Armstrong has devoted countless hours to the fight against cancer. There is not more money for cancer research because of the war. It’s that simple. It’s also not just cancer. In my hometown of Washington, DC, this $800 billion price tag means high rates of infant mortality, shuttered public hospitals, and schools in a constant and eternal state of crisis. This is a battle for priorities. If Lance wants to see victory, chuckling it up with his "fellow Texan is no way to lead this movement forward. Instead Armstrong should ride among the critical mass bikers and anti-war couriers at the national anti-war protests on September 24th in Washington, DC. Consider this an invite, Lance. Consider this a way to continue to "live strong.

DAVE ZIRIN’s new book "What’s My Name Fool? Sports and Resistance in the United States" is published by Haymarket Books. Check out his revamped website edgeofsports.com. You can receive his column Edge of Sports, every week by e-mailing edgeofsports-subscribe@zirin.com. Contact him at whatsmynamefool2005@yahoo.com.


October 07, 2015
Nancy Scheper-Hughes
Witness to a Troubled Saint-Making: Junipero Serra and the Theology of Failure
Luciana Bohne
The Double-Speak of American Civilian Humanitarianism
Joyce Nelson
TPP: Big Pharma’s Big Deal
Jonathan Cook
Israel Lights the Touchpaper at Al-Aqsa Again
Joseph Natoli
The Wreckage in Sight We Fail To See
Piero Gleijeses
Jorge Risquet: the Brother I Never Had
Andrew Stewart
Do #BlackLivesMatter to Dunkin’ Donuts?
Rajesh Makwana
#GlobalGoals? The Truth About Poverty and How to Address It
Joan Berezin
Elections 2016: A New Opening or Business as Usual?
Dave Randle
The Man Who Sold Motown to the World
Adam Bartley
“Shameless”: Hillary Clinton, Human Rights and China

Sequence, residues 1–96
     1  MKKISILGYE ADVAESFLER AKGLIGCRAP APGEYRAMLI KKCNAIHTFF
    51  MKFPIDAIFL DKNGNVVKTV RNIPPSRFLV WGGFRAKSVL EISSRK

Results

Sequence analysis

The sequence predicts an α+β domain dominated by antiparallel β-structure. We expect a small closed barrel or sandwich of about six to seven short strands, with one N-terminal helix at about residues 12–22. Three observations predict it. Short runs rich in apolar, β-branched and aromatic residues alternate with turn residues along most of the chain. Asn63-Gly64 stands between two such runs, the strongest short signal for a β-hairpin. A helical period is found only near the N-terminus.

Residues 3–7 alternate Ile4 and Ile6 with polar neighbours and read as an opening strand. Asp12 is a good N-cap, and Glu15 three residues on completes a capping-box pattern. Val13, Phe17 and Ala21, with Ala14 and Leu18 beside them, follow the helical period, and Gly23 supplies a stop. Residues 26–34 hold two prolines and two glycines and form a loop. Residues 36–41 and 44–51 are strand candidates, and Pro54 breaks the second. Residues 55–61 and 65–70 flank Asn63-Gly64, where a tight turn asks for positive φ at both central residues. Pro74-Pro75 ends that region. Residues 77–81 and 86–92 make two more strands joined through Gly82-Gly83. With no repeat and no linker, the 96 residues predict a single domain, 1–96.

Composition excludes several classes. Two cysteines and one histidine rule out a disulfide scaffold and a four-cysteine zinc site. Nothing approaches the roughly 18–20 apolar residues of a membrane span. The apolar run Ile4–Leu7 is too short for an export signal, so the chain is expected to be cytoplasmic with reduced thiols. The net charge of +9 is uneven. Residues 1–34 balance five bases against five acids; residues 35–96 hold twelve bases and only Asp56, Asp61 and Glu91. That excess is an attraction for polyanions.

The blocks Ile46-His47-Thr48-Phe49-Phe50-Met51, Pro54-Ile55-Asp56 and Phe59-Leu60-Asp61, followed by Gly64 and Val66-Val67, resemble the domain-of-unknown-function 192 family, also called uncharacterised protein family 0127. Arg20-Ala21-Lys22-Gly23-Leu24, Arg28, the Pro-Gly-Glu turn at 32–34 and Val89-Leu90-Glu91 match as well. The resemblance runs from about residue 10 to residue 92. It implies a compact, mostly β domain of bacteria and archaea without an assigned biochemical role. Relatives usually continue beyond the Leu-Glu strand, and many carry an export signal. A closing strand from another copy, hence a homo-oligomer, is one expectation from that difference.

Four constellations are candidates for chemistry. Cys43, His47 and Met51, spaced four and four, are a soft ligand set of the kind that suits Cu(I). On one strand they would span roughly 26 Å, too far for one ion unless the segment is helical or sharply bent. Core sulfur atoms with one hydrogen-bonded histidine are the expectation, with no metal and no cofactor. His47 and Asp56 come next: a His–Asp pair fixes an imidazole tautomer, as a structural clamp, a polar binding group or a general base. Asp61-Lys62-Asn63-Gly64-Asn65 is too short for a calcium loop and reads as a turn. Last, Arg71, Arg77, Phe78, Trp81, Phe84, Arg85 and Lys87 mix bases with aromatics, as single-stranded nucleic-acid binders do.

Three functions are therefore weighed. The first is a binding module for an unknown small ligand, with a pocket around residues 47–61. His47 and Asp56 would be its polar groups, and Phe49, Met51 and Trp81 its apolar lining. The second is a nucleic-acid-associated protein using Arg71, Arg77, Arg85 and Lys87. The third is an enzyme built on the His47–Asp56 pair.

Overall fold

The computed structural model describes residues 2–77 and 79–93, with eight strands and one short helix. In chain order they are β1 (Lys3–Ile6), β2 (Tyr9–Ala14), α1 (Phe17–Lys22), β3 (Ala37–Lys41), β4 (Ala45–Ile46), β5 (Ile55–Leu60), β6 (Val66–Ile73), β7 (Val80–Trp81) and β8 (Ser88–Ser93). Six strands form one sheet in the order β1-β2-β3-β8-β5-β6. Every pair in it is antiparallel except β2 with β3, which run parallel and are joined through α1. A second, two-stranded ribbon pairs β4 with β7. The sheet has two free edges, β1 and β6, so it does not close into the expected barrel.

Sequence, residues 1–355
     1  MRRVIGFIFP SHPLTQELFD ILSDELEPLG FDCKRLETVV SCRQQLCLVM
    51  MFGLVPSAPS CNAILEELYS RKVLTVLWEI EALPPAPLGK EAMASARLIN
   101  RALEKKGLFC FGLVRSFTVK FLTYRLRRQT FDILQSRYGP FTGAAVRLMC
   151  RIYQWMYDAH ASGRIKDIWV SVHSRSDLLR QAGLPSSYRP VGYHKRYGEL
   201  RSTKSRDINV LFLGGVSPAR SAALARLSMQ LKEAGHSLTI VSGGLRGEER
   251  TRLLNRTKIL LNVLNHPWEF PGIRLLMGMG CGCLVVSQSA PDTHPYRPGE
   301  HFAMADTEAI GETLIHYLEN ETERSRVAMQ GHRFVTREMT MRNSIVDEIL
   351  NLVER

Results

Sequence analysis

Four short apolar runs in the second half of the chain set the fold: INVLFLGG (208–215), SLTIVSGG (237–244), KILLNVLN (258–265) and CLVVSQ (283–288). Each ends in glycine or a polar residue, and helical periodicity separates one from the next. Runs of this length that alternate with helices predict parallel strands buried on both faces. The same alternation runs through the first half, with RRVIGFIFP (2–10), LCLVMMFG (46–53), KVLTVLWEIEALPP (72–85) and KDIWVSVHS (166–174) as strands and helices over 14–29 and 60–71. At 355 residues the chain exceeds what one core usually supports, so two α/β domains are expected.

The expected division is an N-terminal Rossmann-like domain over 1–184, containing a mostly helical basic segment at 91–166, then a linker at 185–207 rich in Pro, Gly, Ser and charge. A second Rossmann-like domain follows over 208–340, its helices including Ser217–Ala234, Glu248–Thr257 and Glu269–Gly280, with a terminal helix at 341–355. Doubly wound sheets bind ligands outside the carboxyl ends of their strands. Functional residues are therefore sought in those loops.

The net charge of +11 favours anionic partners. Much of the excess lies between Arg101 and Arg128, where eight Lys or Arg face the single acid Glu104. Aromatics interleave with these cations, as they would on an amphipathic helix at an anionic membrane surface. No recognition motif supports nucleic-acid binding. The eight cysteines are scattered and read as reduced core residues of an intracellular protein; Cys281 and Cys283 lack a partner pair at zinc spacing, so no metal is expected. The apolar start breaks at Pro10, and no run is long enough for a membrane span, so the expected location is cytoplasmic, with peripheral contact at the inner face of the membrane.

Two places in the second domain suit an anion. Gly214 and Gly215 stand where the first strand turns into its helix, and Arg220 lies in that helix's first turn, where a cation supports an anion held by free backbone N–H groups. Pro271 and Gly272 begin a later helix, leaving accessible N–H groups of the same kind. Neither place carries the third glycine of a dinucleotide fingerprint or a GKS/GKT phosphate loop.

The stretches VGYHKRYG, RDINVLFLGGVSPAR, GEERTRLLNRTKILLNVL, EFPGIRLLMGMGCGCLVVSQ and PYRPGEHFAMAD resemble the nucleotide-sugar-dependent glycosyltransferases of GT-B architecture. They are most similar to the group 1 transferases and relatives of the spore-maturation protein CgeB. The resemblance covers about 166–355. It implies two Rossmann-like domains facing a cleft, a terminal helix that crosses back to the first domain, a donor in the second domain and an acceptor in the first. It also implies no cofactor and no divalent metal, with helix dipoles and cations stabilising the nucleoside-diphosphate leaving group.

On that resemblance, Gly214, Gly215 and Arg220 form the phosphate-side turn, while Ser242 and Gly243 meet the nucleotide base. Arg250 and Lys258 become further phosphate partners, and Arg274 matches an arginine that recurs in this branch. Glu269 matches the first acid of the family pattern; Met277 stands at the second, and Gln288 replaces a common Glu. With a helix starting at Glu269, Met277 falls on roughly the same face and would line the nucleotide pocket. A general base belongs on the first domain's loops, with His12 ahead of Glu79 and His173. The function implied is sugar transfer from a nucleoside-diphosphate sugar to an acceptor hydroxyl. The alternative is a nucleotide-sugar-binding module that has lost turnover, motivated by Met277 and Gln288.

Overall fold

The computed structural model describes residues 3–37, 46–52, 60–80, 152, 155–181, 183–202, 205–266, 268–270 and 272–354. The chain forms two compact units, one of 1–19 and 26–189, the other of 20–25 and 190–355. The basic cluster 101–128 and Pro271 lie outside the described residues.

Binoy Kampmark
The Killings in Oregon: Business as Usual
Harvey Wasserman
Why Bernie and Hillary Must Address America’s Dying Nuke Reactors
Tom H. Hastings
Unarmed Cops and a Can-do Culture of Nonviolence
October 06, 2015
Vijay Prashad
Afghanistan, the Terrible War: Money for Nothing
Mike Whitney
How Putin will Win in Syria
Paul Street
Yes, There is an Imperialist Ruling Class
Paul Craig Roberts
American Vice
Kathy Kelly
Bombing Hospitals: 22 People Killed by US Airstrike on Doctors Without Borders Hospital in Kunduz, Afghanistan
Ron Jacobs
Patti Smith and the Beauty of Memory
David Macaray
Coal Executive Finally Brought Up on Criminal Charges
Norman Pollack
Cold War Rhetoric: The Kept Intelligentsia
Cecil Brown
The Firing This Time: School Shootings and James Baldwin’s Final Message
Roger Annis
The Canadian Election and the Global Climate Crisis
W. T. Whitney
Why is the US Government Persecuting IFCO/Pastors for Peace Humanitarian Organization?
Jesse Jackson
Alabama’s New Jim Crow Far From Subtle
Joe Ramsey
After Umpqua: Does America Have a Gun Problem….or a Dying Capitalist Empire Problem?
Murray Dobbin
Rise Up, Precariat! Cheap Labour is Over
October 05, 2015
Michael Hudson
Parasites in the Body Economic: the Disasters of Neoliberalism
Patrick Cockburn
Why We Should Welcome Russia’s Entry Into Syrian War
Kristine Mattis
GMO Propaganda and the Sociology of Science
Heidi Morrison
Well-Intentioned Islamophobia
Ralph Nader
Monsanto and Its Promoters vs. Freedom of Information
Arturo Desimone
Retro-Colonialism: the Exportation of Austerity as War By Other Means
Robert M. Nelson
Noted Argentine Chemist Warns of Climate Disaster
Matt Peppe
Misrepresentation of the Colombian Conflict
Barbara Dorris
Pope Sympathizes More with Bishops, Less with Victims
Clancy Sigal
I’m Not a Scientologist, But I Wish TV Shrinks Would Just Shut Up
Chris Zinda
Get Outta’ Dodge: the State of the Constitution Down in Dixie
Eileen Applebaum
Family and Medical Leave Insurance, Not Tax Credits, Will Help Families
Pierre-Damien Mvuyekure
“Boxing on Paper” for the Nation of Islam, Black Nationalism, and the Black Athlete: a Review of “The Complete Muhammad Ali” by Ishmael Reed
Lawrence Ware
Michael Vick and the Hypocrisy of NFL Fans
Gary Corseri - Charles Orloski
Poets’ Talk: Pope Francis, Masilo, Marc Beaudin, et. al.
Weekend Edition
October 2-4, 2015
Henry Giroux
Murder, USA: Why Politicians Have Blood on Their Hands
Mike Whitney
Putin’s Lightning War in Syria